HARRY POTTER AND the prisoner of Azkaban
book 1999 movie 2004 first read 2002? first watch 2004
A third-in-a-row return to the school of wizardry and witchcraft, where I swoon over Alfonso Cuarón's directing style, Daniel Radcliffe's improved acting skills and how Hermione's hair looks from behind.
Also known as "The One Everybody Loves", Prisoner of Azkaban marks the point at which the Harry Potter film adaptions became a force to be reckoned with. Changing out director Chris Columbus, who had approached the previous two films from a traditional "children's movie" perspective, with the darker and more stylized mind of Alfonso Cuarón, stepped up the game quite a bit. It also helps that the three leads have grown into better actors and that their characters are able to develop in a more interesting, nuanced way. Finally, Prisoner of Azkaban connects another two Brilliant Brits to the series with Gary Oldman as Sirius Black and David Thewlis as Professor Lupin.
What makes this particular entry so special to me on a personal level is that it was the first Harry Potter film I was able to see on the big screen. Before I eventually picked up the dusty old copy of Sorcerer's Stone, the only thing I gathered from posters of the first two films was that it was obviously a boys' kind of film with a lot of sports involved. So I noticed the hype, especially around the time that Chamber of Secrets was released, but never read the books until after the second movie was out on DVD. When I caught the first glimpse of the Prisoner of Azkaban trailers then, I had a complete freak out. In my head anyway. In retrospect, I guess you could say that it was at that moment my inner fangirl was born.
The trailer of this film remains, until this day, the trailer that I remember most clearly when I think about it. I'm pretty sure I still know all the words - from the German version - and we are talking about the days when there was no such thing as YouTube, not really. I had to watch immense amounts of tv to get my daily fix of watching the trailer 10 or more times, and every time I did see it, my heart skipped a beat. Of the actual cinematic experience I remember very little, except for the fact that it was the best I had had in my whole life until then.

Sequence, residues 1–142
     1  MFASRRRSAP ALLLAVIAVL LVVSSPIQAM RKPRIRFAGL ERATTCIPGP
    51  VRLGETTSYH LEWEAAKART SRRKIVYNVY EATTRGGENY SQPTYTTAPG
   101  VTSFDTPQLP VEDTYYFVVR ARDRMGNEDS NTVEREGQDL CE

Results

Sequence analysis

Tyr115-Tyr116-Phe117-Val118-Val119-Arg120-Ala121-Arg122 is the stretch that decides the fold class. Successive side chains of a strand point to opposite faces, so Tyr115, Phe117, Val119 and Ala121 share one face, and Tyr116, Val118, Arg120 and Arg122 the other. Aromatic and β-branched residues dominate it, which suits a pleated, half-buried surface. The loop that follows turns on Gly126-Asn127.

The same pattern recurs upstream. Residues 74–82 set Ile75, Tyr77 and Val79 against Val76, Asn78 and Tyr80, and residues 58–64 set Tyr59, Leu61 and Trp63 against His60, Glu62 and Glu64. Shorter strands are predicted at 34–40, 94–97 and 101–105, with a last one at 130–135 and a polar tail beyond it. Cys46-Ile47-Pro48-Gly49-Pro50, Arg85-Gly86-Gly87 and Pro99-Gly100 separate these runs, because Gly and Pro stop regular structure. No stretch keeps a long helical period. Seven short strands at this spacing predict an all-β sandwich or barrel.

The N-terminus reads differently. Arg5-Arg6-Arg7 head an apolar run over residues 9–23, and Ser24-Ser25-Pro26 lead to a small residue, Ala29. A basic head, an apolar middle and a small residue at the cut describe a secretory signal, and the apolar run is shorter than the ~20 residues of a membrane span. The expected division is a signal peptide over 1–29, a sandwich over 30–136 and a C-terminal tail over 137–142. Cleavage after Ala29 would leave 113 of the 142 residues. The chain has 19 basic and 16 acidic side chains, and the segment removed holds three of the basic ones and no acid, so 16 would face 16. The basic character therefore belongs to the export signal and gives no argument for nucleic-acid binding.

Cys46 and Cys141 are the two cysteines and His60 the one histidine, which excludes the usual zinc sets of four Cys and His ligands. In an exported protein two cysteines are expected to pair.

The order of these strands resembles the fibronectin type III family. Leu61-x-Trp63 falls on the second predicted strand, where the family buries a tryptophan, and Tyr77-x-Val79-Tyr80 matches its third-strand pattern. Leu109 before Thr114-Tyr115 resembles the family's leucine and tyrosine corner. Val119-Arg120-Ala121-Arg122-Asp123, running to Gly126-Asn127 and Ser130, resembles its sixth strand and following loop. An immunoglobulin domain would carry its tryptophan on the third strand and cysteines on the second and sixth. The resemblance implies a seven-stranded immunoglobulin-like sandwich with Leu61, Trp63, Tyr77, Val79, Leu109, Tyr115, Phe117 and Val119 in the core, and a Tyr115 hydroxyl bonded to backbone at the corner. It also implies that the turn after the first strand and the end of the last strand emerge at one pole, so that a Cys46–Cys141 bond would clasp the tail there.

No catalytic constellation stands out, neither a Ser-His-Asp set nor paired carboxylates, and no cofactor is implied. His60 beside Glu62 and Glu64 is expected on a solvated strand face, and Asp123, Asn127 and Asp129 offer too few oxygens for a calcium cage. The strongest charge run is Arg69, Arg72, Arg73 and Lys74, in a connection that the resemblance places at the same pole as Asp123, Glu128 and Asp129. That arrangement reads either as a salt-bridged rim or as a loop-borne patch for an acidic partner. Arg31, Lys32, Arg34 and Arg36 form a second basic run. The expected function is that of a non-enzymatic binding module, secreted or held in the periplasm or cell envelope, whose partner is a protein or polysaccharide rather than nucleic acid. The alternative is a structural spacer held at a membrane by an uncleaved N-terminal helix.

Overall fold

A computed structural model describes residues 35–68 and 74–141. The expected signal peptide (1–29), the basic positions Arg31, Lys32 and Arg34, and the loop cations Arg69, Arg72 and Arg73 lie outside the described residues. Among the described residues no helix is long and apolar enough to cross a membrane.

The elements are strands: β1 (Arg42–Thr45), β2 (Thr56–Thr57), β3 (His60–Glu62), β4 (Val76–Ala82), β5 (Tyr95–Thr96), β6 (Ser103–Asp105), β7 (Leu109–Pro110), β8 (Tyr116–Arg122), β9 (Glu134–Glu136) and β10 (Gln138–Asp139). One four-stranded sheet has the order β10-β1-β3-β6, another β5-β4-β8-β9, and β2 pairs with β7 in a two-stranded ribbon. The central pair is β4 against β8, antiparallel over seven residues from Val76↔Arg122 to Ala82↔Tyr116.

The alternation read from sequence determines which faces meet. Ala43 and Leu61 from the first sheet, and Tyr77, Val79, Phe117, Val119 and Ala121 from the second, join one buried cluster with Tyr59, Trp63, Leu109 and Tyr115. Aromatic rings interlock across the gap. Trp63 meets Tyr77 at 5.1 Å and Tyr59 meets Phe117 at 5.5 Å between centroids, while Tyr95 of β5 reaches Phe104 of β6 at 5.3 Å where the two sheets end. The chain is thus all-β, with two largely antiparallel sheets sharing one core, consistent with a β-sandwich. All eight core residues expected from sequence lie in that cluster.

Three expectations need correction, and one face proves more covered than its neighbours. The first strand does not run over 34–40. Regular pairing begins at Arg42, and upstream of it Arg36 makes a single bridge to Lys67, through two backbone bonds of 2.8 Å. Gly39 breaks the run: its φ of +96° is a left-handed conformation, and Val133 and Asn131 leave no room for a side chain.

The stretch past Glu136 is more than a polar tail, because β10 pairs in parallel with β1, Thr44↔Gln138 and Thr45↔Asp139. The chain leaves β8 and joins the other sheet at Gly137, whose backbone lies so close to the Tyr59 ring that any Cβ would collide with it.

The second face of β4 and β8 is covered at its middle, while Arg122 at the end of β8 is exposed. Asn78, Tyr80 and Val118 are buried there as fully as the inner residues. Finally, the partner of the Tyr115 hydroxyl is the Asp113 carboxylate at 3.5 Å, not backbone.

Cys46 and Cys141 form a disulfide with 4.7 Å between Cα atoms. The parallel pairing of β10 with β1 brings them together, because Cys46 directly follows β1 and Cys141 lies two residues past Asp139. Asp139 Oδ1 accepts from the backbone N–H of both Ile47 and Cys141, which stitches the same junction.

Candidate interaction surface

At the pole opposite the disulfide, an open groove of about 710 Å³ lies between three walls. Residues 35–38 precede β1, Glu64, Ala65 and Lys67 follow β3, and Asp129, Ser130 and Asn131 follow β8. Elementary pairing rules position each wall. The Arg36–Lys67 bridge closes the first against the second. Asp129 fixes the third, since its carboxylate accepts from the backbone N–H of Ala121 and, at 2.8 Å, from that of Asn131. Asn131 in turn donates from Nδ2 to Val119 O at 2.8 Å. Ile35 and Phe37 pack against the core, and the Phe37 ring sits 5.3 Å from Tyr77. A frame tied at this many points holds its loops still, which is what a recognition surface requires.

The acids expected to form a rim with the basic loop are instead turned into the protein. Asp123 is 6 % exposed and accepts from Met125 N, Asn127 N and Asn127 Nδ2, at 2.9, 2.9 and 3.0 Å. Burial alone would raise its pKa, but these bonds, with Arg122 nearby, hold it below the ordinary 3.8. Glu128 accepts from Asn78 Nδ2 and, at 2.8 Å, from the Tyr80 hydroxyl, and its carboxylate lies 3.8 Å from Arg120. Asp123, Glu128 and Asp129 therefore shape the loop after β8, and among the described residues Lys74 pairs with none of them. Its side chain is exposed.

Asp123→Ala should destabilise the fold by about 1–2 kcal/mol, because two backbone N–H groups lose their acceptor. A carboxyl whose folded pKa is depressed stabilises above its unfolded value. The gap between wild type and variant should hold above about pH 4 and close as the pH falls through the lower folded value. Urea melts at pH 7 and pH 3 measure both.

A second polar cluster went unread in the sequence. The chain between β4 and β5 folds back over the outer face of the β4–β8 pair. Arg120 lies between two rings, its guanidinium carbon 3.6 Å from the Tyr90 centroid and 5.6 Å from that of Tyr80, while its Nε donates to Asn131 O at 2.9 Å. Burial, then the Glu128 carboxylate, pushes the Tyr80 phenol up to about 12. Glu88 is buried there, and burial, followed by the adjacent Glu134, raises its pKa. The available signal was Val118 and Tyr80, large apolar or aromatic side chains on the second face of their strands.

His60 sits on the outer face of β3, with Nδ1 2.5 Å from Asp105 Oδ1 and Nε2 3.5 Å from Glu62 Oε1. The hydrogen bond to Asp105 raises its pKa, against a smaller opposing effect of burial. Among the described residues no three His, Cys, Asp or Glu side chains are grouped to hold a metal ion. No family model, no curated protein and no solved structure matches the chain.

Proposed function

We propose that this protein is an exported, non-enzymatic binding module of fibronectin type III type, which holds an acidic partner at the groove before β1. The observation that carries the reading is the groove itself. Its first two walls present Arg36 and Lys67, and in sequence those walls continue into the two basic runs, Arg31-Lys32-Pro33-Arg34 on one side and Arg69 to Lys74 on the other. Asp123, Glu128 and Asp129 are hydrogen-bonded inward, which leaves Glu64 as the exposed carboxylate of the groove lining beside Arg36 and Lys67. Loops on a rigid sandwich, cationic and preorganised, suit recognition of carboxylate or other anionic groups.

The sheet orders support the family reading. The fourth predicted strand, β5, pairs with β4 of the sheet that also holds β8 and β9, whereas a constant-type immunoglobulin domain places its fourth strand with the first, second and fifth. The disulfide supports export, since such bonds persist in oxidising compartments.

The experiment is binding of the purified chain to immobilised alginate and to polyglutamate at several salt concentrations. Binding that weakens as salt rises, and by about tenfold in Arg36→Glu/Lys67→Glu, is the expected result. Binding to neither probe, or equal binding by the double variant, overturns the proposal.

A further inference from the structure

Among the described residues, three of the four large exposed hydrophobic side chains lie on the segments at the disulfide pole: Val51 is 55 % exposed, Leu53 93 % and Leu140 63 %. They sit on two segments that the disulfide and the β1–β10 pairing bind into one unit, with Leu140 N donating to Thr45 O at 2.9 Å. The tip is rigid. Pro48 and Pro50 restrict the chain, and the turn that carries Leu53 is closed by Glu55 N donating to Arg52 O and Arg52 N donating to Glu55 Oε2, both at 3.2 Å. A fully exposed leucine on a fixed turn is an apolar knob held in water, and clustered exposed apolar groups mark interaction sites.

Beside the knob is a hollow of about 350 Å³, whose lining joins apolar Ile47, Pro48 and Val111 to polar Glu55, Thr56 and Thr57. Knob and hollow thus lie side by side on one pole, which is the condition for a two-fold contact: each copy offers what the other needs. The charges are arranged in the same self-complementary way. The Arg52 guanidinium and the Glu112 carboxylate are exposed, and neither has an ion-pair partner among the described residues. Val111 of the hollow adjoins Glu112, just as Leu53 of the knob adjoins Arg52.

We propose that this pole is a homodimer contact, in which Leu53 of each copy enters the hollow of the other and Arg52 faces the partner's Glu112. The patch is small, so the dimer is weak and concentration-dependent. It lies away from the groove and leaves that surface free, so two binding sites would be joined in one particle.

Unlike most of the things I said this about when I was smaller, Prisoner of Azkaban is a film that has actually held up for re-watches through all of my adolescence. This (394th) time, my focus laid on Cuarón's way of narrating the story and transforming it from page to screen, especially after last year's grandiose Gravity. Primarily, the difference between the first two films and this one is striking, which may lead you into thinking that it's a good film compared to those but not necessarily the 'best' for that reason. Of course, I haven't made up my mind on this yet, as I still have five films left to go for this row of re-watches. But I do know that Prisoner of Azkaban used to always be kind of a favourite. It stays very true to the novel but makes some necessary changes, thus mastering the most obvious challenge of a film adaption. Furthermore, some of the execution of the source material has become so iconic (to fans, at least) that it's hard to imagine reading the novel without having that particular shot in mind - think of Hermione hitting Malfoy, Aunt Marge blowing up and the prominent poster of Sirius Black that is all over this film.